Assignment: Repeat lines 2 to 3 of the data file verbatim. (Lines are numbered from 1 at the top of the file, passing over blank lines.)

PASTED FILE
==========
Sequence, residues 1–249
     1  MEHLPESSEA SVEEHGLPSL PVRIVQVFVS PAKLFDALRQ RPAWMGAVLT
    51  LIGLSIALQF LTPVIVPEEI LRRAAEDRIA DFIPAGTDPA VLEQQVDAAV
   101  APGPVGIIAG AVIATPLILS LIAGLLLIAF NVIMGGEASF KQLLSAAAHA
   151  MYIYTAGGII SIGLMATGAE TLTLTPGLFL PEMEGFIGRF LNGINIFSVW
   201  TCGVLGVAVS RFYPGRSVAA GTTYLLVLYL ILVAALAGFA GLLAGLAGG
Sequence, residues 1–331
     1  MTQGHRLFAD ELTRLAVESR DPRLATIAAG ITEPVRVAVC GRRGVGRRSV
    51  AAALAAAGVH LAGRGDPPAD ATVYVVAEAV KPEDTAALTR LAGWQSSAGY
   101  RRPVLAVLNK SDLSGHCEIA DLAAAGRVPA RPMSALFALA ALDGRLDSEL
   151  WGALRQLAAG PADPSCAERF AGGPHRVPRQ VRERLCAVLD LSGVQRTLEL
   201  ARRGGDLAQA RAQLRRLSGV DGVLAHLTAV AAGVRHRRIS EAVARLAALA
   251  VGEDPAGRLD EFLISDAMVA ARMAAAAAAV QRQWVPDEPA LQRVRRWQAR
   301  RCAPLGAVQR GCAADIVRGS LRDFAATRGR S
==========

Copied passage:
     1  MEHLPESSEA SVEEHGLPSL PVRIVQVFVS PAKLFDALRQ RPAWMGAVLT
    51  LIGLSIALQF LTPVIVPEEI LRRAAEDRIA DFIPAGTDPA VLEQQVDAAV